This work was supported by grants from the FRS-FNRS (Grant T.0009.13) and the “Fonds Spéciaux” of the University of Liège to BL. BL is a research associates at the FRS-FNRS. MG is a research fellow of the “Fonds pour la Formation à la Recherche dans l’Industrie et dans l’Agriculture” (FRIA). AD-E acknowledges funding from the National Institutes of Health (1R01NS055057), VA Merit Review (5I01CX000743), Centers for Inherited Disease Research (CIDR 1 × 01HG007145 and 1 × 01HG008532), and donors Sherry & Bill Fortier.

Abbreviations

AED, antiepileptic drugs; AS, absence seizure; CAE, childhood absence epilepsy; CSF, cerebrospinal fluid; CT, cortical thickness; CV, cortical volume; DTI, diffusion tensor imaging; FA, fractional anisotropy; FCD, focal cortical dysplasia; fMRI, functional magnetic resonance imaging; GEFS+, genetic epilepsy with febrile seizure plus; GGE, genetic generalized epilepsy; GGE, idiopathic generalized epilepsy; Gln, glutamine; Glu, glutamic acid; GM, gray matter; GSW, generalized spike wave; GTCS, generalized tonic-clonic seizure; IHI, incomplete hippocampal inversion; IQ, intellectual quotient; JAE, juvenile absence epilepsy; JME, juvenile myoclonic epilepsy; MBP, myelin basic protein; MJ, myoclonic jerk; MRI, magnetic resonance imaging; MRS, magnetic resonance spectroscopy; m-t -c, myoclonic-tonic-clonic; OLs, oligodendrocytes; OPC, oligodendrocyte precursor cell; PFC, prefontal cortex; PTZ, pentylenetrazol; SA, surface area; Shh, sonic hedgehog; SMA, supplementary motor area; TLE, temporal lobe epilepsy; WM, white matter.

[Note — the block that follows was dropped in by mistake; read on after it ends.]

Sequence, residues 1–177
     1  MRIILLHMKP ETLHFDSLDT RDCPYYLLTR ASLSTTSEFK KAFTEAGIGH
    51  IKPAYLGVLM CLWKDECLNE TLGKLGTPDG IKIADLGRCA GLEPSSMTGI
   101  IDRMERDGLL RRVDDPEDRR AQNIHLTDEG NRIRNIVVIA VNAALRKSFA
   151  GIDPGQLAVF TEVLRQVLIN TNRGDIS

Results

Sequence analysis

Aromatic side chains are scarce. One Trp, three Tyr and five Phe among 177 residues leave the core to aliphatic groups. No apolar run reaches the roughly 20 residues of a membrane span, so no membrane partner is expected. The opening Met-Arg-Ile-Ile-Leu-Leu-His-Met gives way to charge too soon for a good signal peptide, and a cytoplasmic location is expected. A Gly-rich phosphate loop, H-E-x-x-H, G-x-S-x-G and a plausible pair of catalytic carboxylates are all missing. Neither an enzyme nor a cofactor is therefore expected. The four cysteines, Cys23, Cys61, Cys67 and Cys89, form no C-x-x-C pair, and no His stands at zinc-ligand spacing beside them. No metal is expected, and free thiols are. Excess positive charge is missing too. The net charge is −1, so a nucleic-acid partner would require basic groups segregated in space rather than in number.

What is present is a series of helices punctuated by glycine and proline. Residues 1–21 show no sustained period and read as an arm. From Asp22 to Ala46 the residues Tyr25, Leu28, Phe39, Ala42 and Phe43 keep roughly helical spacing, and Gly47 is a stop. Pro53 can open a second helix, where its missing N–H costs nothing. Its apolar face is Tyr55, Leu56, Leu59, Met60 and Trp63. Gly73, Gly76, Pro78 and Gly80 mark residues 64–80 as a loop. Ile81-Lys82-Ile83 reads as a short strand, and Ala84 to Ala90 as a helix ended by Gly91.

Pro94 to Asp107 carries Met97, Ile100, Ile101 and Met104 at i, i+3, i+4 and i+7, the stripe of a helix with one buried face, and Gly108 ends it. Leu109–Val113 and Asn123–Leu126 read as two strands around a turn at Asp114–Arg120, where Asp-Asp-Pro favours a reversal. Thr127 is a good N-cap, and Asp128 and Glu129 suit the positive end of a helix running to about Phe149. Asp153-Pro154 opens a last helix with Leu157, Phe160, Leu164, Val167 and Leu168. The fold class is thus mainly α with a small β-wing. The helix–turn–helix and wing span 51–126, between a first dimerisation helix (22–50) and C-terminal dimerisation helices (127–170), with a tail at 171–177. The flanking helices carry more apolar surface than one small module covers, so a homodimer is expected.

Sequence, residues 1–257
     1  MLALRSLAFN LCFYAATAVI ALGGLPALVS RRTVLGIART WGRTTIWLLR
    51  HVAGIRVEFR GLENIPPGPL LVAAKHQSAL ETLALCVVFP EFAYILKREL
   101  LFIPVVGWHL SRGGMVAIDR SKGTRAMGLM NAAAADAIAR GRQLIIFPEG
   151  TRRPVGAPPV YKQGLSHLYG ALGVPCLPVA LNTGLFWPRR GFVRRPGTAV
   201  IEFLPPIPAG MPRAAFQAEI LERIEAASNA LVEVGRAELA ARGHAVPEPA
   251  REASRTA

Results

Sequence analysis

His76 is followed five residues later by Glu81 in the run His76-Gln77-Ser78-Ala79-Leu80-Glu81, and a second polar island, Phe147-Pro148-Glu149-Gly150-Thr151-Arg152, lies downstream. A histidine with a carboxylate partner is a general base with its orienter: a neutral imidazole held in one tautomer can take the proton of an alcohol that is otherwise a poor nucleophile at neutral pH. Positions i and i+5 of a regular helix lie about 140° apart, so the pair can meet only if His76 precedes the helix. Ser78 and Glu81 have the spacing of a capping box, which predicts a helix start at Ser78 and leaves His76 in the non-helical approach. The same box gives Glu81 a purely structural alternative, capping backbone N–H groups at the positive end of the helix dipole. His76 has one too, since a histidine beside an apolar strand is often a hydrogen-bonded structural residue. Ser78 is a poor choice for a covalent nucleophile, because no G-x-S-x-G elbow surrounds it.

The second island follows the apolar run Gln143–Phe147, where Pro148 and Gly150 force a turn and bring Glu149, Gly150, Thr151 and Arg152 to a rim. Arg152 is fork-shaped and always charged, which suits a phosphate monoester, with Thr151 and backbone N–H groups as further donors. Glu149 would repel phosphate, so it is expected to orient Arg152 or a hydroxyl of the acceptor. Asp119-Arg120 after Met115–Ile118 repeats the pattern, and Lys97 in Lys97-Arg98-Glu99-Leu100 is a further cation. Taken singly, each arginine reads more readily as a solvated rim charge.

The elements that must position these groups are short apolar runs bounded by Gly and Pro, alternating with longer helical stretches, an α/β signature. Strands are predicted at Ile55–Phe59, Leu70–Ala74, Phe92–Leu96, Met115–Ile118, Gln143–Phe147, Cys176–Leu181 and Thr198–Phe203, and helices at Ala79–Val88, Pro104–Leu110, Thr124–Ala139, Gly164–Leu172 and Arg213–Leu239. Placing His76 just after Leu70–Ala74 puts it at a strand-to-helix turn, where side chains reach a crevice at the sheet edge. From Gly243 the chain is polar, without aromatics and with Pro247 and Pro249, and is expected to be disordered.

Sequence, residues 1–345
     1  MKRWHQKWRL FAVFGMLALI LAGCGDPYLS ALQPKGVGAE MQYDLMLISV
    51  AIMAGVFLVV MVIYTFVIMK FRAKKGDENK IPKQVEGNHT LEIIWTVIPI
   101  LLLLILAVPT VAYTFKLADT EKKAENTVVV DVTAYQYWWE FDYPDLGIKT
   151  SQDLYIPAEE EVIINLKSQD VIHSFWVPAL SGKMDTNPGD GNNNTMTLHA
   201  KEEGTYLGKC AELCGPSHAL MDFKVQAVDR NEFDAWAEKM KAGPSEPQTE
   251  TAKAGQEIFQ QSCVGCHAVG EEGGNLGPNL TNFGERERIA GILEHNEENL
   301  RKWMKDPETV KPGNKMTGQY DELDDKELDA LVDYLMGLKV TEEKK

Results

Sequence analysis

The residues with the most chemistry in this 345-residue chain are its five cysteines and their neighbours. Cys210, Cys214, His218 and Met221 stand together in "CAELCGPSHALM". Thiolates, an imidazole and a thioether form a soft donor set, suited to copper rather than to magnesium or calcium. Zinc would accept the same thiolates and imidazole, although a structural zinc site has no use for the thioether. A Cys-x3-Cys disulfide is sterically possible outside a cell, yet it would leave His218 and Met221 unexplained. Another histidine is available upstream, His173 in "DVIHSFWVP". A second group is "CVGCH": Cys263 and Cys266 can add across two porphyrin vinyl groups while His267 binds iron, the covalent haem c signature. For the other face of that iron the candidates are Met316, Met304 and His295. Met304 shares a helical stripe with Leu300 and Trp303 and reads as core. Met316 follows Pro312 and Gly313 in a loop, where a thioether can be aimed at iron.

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Keywords: development, juvenile myoclonic epilepsy, brain imaging, genes, physioparhology

Citation: Gilsoul M, Grisar T, Delgado-Escueta AV, de Nijs L and Lakaye B (2019) Subtle Brain Developmental Abnormalities in the Pathogenesis of Juvenile Myoclonic Epilepsy. Front. Cell. Neurosci. 13:433. doi: 10.3389/fncel.2019.00433

Received: 11 April 2019; Accepted: 09 September 2019;
Published: 27 September 2019.

Edited by:

Orly Reiner, Weizmann Institute of Science, Israel

Reviewed by:

Jonathan O’Muircheartaigh, King’s College London, United Kingdom
Lorenzo Caciagli, University College London, United Kingdom

Copyright © 2019 Gilsoul, Grisar, Delgado-Escueta, de Nijs and Lakaye. This is an open-access article distributed under the terms of the Creative Commons Attribution License (CC BY). The use, distribution or reproduction in other forums is permitted, provided the original author(s) and the copyright owner(s) are credited and that the original publication in this journal is cited, in accordance with accepted academic practice. No use, distribution or reproduction is permitted which does not comply with these terms.

*Correspondence: Bernard Lakaye, B.Lakaye@uliege.be